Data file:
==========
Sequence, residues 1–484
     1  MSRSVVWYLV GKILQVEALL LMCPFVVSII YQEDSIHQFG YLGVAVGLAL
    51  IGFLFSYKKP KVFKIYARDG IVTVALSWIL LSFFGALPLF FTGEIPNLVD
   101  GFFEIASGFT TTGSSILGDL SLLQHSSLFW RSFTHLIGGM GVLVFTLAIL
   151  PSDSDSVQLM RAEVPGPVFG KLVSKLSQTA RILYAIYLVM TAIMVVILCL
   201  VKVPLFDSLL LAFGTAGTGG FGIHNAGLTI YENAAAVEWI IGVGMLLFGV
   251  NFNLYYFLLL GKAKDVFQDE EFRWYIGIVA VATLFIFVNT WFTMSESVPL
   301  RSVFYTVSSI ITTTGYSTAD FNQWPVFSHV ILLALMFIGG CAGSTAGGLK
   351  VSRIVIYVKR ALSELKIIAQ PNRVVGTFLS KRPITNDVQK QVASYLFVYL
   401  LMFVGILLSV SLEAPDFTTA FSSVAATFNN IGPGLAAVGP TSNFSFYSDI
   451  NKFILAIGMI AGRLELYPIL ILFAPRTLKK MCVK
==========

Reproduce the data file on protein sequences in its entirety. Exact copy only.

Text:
Sequence, residues 1–484
     1  MSRSVVWYLV GKILQVEALL LMCPFVVSII YQEDSIHQFG YLGVAVGLAL
    51  IGFLFSYKKP KVFKIYARDG IVTVALSWIL LSFFGALPLF FTGEIPNLVD
   101  GFFEIASGFT TTGSSILGDL SLLQHSSLFW RSFTHLIGGM GVLVFTLAIL
   151  PSDSDSVQLM RAEVPGPVFG KLVSKLSQTA RILYAIYLVM TAIMVVILCL
   201  VKVPLFDSLL LAFGTAGTGG FGIHNAGLTI YENAAAVEWI IGVGMLLFGV
   251  NFNLYYFLLL GKAKDVFQDE EFRWYIGIVA VATLFIFVNT WFTMSESVPL
   301  RSVFYTVSSI ITTTGYSTAD FNQWPVFSHV ILLALMFIGG CAGSTAGGLK
   351  VSRIVIYVKR ALSELKIIAQ PNRVVGTFLS KRPITNDVQK QVASYLFVYL
   401  LMFVGILLSV SLEAPDFTTA FSSVAATFNN IGPGLAAVGP TSNFSFYSDI
   451  NKFILAIGMI AGRLELYPIL ILFAPRTLKK MCVK